I have no idea why Johnson is ever out of a managing job.  His teams win everywhere he goes, often significantly above their performance both before and after he manages them.  The Nats have led the East and indeed the National League for almost the entire season, despite all the hoopla surrounding the Strasburg innings limit and major injuries to half of his regular lineup (Morse, Werth, Desmond, Ramos) and last year's closer (Drew Storen).  Not bad for a guy in his first full year with a franchise that hasn't had a winning season since they were in Montreal.

NL Rookie of the Year: Bryce Harper, Nationals
As recently as a month ago, this was not only a very close race, but you would have been hard-pressed to have Harper in your top three for anything other than hype.  In that time, however, Harper has broken out of his post-All-Star Game slump in a big way, raising his slash line to .260/.331/.450 with 19 home runs and 4.0 rWAR, all while very capably handling center field for a major contender under an intense spotlight.  And he's still a teenager! Wade Miley, Todd Frazier, and Isao Aoki round out the best of an impressive senior circuit rookie crop.

AL Most Valuable Player: Mike Trout, Angels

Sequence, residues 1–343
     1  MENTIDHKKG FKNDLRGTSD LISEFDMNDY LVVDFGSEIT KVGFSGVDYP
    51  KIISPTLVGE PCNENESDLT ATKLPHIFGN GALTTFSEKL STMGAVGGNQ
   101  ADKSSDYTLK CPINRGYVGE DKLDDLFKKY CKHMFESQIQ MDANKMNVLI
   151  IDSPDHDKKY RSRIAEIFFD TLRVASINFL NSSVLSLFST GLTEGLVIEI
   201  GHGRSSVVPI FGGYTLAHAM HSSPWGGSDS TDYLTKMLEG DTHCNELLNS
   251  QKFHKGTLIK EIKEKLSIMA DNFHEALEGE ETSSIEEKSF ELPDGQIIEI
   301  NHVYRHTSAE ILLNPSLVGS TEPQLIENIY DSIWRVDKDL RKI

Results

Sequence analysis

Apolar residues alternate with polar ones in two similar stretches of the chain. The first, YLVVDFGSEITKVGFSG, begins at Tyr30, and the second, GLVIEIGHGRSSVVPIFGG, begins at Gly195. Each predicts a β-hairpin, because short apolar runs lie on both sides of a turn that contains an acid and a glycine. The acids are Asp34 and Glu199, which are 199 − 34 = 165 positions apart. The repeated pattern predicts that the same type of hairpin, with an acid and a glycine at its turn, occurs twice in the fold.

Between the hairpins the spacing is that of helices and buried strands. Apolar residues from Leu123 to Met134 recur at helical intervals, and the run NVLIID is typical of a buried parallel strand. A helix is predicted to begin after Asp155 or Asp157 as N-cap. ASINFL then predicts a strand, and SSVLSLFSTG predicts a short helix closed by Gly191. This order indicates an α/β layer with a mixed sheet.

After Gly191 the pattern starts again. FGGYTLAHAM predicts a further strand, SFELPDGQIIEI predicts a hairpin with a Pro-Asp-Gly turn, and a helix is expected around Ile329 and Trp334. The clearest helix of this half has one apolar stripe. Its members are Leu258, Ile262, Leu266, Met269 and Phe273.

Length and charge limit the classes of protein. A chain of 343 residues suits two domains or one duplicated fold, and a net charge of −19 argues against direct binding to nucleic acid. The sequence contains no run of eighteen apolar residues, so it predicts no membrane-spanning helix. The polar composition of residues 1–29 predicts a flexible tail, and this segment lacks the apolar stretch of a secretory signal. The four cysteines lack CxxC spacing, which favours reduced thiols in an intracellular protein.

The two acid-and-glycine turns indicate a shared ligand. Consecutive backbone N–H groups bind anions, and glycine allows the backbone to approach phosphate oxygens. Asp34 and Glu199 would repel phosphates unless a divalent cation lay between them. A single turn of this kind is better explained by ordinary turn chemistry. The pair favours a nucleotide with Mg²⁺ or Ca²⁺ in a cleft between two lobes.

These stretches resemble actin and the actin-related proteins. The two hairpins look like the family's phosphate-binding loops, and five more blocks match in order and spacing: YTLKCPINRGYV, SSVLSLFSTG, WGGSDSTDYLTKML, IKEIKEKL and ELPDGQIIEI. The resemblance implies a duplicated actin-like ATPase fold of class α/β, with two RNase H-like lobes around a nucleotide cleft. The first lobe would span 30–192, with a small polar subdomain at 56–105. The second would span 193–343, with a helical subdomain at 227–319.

The Triple Crown (if Miguel Cabrera winds up winning it) is a nice statistical achievement, given that it hasn't been done in 45 years, but I think it has been pretty conclusively shown over the past few years that two of those legs (batting average and RBIs) are an outdated and ineffectual way to measure a player's worth.  Cabrera does lead the league in OPS and is unquestionably one of the most feared hitters in baseball (if not the most), but as anyone can point out, he is at best a below-average defender and a bad baserunner.  Despite missing almost all of April, meanwhile, Trout has scored eighteen more runs than anyone else in the league, has hit 28 homers, is third in the AL in OPS, has stolen 47 bases in just 51 attempts, and played sublime defense in center field.  The MVP is given out for a single season, so Cabrera's past brilliance and the fact that Trout is a rookie should have no bearing.  Additionally, here is the list of people who have compiled a higher WAR in one season than Trout's 10.5: Babe Ruth (6x), Rogers Hornsby (2x), Carl Yastrzemski, Barry Bonds (2x), Lou Gehrig, Cal Ripken, Honus Wagner, Ty Cobb (2x), Mickey Mantle (2x), Willie Mays (2x), Joe Morgan, Stan Musial, and Ted Williams.  Gehrig, Mantle, and Cobb all performed that feat during their age-24 seasons.  No one has ever done it as a 20-year-old like Trout.  He has had a season for the ages, and should be rewarded as such.